“Saw Is A Cube Ripoff (& It’s Worse)”
Cube is a 1997 Canadian horror film that most people haven’t even heard of. Saw, on the other hand, is a wildly successful horror franchise that draws from a lot of what was great about Cube, but doesn’t pull it off as well.
While many praised Saw for its originality – and in many ways, it was quite original – Cube did it first. Directed by Vincenzo Natali, Cube is more of a science-fiction horror film that the gory, gritty depths of the Saw franchise, but its premise revolves around a similar setting that finds a group of strangers trapped together in a strange cube. Inside the Cube, those trapped learn the hard way that very little can be trusted, as many aspects of the cube are rigged with lethal tricks and traps. Saw began with two men trapped together inside a bathroom with little information as to how they got there or why, but Cube focuses more on the strangers working together in spite of not knowing why they’ve been chosen to participate in the nightmarish puzzle and working out their relative strengths and weaknesses to find clues as to how they can all escape.
Cube inspired only two other films, a sequel and a prequel, but Saw will see its ninth installment release May 15, 2020. Saw first debuted in 2004, two years after Cube‘s sequel, Cube 2: Hypercube and the same year as it’s final installment, Cube Zero. There was talk of another movie within the Cube franchise, but pre-production stalled as of 2015, and there’s been no news of it being picked up since.
While many audiences loved Saw‘s commitment to blood, gore, and excessive violence, part of what made Cube the better movie was its solid roots in both sci-fi elements and horror. This has worked for the genre for years, all the way back to when Ridley Scott premiered Alien in 1979 and introduced audiences to the horrors of space. Movies like Event Horizon have also explored these pitfalls, and this collaboration has been successful even before, when films like The Fly and Spider Baby were being made in the 50s and 60s. While Saw and films like Eli Roth’s Hostel brought “torture porn” to horror fans in the early 2000s, Cube‘s biggest asset was its restraint. Cube had violence and blood enough to satisfy horror fans, but it was so much more than that: it was smart.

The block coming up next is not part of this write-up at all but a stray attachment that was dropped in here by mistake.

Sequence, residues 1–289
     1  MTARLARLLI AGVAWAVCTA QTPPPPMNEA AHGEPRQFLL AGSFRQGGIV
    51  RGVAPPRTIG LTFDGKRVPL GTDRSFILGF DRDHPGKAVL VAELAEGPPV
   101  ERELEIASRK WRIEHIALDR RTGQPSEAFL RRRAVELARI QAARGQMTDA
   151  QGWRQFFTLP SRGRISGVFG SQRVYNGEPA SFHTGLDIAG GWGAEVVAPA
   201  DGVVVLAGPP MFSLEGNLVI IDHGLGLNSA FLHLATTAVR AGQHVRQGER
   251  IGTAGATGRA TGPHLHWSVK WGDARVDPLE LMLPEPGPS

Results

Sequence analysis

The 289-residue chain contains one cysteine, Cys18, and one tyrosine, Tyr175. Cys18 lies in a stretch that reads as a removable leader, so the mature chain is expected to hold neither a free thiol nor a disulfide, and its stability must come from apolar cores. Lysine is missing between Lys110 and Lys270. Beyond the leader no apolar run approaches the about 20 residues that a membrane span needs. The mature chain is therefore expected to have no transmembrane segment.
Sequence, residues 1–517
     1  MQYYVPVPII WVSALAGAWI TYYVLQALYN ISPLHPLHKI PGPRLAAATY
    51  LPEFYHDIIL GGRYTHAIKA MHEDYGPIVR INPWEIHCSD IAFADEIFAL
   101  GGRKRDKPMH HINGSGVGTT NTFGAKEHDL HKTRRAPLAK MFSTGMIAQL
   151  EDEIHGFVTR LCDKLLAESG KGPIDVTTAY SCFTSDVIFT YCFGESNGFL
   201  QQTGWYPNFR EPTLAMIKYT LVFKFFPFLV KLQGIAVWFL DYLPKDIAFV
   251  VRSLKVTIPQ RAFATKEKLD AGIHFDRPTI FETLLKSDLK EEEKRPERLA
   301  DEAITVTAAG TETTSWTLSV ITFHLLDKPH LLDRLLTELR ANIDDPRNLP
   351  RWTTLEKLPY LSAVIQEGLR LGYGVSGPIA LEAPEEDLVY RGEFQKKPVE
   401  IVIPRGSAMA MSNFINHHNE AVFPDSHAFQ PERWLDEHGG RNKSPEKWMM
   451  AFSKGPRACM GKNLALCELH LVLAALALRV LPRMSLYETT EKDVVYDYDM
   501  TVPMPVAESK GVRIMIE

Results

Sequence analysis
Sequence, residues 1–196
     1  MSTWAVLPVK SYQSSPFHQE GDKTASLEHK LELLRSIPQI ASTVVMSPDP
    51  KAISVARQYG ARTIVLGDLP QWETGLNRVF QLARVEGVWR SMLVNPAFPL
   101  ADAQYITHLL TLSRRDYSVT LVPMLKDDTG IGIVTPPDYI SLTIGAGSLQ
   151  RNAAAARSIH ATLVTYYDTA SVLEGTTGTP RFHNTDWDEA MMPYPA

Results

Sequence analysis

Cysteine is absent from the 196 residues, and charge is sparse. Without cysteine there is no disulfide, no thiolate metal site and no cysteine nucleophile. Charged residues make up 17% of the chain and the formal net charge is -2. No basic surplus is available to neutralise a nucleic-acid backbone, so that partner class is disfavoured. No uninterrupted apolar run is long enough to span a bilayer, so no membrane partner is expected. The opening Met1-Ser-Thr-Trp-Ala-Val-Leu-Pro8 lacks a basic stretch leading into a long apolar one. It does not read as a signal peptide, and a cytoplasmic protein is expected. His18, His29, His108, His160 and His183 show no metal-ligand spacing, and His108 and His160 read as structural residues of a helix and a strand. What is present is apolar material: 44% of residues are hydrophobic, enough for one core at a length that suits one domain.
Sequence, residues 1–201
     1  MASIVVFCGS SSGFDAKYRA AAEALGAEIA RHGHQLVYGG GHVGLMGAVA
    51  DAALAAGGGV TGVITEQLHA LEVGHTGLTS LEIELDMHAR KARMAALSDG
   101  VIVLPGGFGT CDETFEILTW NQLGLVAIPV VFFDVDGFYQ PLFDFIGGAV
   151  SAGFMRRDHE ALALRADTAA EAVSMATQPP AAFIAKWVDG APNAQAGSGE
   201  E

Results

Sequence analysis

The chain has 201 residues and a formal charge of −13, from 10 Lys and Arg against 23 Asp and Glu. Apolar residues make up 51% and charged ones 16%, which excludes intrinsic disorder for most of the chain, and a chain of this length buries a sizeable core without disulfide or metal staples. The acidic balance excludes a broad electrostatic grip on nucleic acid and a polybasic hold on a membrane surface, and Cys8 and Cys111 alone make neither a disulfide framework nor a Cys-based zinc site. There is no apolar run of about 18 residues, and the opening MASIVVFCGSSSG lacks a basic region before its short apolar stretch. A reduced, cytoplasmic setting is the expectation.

Saw put an emphasis on interesting traps over likable characters, but Cube tried to create an environment where everyone had value and needed to work together in order to escape. In the Saw franchise, the people who are inside Jigsaw’s traps are criminals, drug addicts, and other people who he has singularly deemed must be punished, as they don’t value their lives. With Cube, it’s less important to know the mind behind the madness, and more important to stay present in the moment with the would-be survivors as they try to use math and logic to work their way out. There’s no willful hacking off of limbs here: it’s about outsmarting a near-impossible puzzle that has been created by someone mysterious, likely for their own enjoyment.
Beyond that, the Cube’s design is genius. In the movie, the strangers figure out that there are 17,576 rooms in the Cube, and suspect that rooms marked with prime numbers contain traps. Part of the Cube involves Cartesian coordinates, some rooms are sound-activated, others are motion-activated, and some have trap doors. One of the strangers is a math genius, and another a savant who is able to do complex prime factorizations to work out the powers of prime numbers – which is key – in order to figure out how they can travel safely throughout the structure. Essentially, they’re all just rats in a maze, and while Cube lacks the potent social messaging of Saw as well as its grotesque elements, it’s an enjoyable thrill ride that deserves more acclaim.
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